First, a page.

A package in hand, the young woman makes her way into The Washington Post newsroom. She wanders a bit, looks around uncertainly, then fixes her attention on a man who is among the many staffers who are banging away at their typewriters.
“Are you someone important?” she asks, interrupting him in the midst of his writing.
“I’m a general assignment reporter,” he responds, a blend of befuddlement and apology.
The woman (portrayed, hippie-like, by Sasha Spielberg, director Steven Spielberg’s daughter) processes the unfamiliar words. In an instant, she seems to conclude good enough, as she lays the package on his typewriter.
Inside is a Thom McAn shoebox stuffed with a portion of the Pentagon Papers. The moment, about a half-hour into “The Post,” marks a turning point in the Post’s scrambling catch-up to The New York Times, which had just broken the untold (and scandalous) story of the country’s involvement in the Vietnam War.
There were many terrific moments in the film that contributed to a production that I wholeheartedly recommend. My 20-year career as a journalist probably explains why I got misty-eyed at more than a few moments—yes, even the sight of a printing press cranking out the Post’s next edition. But this is a movie for any American who cares about our nation’s past, present and future.
Its core tension is timeless: a free press versus government claims to national security interests. And those opposing forces are especially timely in this age of Trump, when our own President is out-Nixon-ing Richard Nixon for his derision of and attacks on the media.
Making the experience this morning all the more enjoyable was that it came as a special screening at the Lake Theatre with about 40 students from Oak Park and River Forest High School. A grateful shout-out to Liz Fox, an OPRF English teacher and adviser to the school newspaper, The Trapeze, who organized the event and extended the invitation to me.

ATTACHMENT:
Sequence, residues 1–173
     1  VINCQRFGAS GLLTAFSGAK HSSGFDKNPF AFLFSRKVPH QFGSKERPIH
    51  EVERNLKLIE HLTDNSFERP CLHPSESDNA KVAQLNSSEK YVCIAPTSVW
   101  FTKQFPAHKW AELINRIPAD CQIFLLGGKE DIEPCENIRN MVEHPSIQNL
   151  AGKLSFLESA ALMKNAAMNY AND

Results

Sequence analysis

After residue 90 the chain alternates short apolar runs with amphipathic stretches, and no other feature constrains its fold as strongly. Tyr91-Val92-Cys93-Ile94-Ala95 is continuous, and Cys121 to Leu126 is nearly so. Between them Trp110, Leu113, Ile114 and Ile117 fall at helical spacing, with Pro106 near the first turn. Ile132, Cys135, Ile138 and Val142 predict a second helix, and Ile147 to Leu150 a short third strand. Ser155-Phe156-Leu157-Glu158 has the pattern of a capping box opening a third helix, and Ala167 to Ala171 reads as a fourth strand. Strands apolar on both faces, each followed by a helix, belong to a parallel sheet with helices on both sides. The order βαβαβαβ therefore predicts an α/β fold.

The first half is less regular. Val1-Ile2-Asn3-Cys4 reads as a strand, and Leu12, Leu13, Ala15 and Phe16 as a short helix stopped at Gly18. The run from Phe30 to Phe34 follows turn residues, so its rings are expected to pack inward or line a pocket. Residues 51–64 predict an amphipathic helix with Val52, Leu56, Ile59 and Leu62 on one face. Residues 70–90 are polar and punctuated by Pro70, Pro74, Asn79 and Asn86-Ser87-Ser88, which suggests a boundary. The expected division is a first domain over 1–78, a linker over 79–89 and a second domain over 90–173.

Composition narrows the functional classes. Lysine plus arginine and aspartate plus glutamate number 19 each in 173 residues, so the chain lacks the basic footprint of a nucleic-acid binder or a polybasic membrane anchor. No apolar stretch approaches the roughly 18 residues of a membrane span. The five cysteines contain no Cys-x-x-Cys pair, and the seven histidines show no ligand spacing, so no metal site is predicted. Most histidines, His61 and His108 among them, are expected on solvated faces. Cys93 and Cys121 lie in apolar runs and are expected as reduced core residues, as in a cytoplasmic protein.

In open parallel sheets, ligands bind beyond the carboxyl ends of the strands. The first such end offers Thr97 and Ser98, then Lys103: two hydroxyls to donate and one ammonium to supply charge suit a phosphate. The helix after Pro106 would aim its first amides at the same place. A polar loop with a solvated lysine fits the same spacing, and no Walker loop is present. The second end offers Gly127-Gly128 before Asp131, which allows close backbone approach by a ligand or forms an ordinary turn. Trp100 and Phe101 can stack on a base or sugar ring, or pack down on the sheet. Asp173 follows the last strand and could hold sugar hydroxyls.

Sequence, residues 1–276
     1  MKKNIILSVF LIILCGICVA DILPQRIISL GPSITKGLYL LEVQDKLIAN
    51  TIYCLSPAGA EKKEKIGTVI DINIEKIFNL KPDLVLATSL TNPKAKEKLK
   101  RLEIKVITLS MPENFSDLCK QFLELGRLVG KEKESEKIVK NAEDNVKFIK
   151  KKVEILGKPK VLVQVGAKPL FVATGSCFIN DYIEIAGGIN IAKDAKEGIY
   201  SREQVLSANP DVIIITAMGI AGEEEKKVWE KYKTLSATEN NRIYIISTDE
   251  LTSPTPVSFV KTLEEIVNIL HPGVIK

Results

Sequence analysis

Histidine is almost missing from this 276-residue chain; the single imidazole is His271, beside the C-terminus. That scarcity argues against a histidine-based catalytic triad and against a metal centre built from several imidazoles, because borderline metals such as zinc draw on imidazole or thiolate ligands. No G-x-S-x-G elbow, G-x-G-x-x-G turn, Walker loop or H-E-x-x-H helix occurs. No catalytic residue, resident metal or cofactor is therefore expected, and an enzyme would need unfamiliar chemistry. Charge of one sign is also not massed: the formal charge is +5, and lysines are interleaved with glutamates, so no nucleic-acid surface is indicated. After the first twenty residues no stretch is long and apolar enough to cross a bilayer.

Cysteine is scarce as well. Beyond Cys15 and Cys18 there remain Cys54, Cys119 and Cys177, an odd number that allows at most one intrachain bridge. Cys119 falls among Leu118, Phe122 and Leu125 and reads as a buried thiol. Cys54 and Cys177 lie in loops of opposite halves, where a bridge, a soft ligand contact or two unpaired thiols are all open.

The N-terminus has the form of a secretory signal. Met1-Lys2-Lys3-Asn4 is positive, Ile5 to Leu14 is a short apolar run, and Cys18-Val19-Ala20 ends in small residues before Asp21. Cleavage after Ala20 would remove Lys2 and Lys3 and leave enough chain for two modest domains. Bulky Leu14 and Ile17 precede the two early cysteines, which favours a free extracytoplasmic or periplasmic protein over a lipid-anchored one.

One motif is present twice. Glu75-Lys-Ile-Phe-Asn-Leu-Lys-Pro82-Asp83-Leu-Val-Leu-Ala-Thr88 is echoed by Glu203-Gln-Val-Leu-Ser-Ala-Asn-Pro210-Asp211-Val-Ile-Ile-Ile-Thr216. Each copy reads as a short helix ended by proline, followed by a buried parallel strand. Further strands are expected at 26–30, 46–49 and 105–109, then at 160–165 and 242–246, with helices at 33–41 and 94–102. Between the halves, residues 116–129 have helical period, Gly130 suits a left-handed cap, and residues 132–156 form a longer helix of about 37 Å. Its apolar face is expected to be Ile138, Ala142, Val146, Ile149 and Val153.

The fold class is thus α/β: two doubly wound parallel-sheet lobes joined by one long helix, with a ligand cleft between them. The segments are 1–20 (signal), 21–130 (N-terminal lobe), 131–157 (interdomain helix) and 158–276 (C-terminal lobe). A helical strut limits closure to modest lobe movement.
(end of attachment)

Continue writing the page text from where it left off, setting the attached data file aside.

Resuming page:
Capping the moment was the presence of Jackie Spinner, a reporter for The Washington Post from 1995 to 2009 and currently a journalism professor at Columbia College Chicago. After the movie, Jackie shared her observations of the movie, reflected on her experiences at the Post, and fielded thoughtful questions from students.
Among her accomplishments, Jackie spent a significant amount of time as a foreign correspondent, including serving as a war reporter. She is the author of “Tell Them I Didn’t Cry: A Young Journalist’s Story of Joy, Loss and Survival in Iraq.”
As Trump relentlessly wages war on the media (most recently illustrated by his ‘Fake News Awards’), there is a clear answer that anyone in the media should feel empowered to give, without apology or hesitation, when that question comes: “Are you someone important?”
Yes! And, very likely, more than you’ll ever know.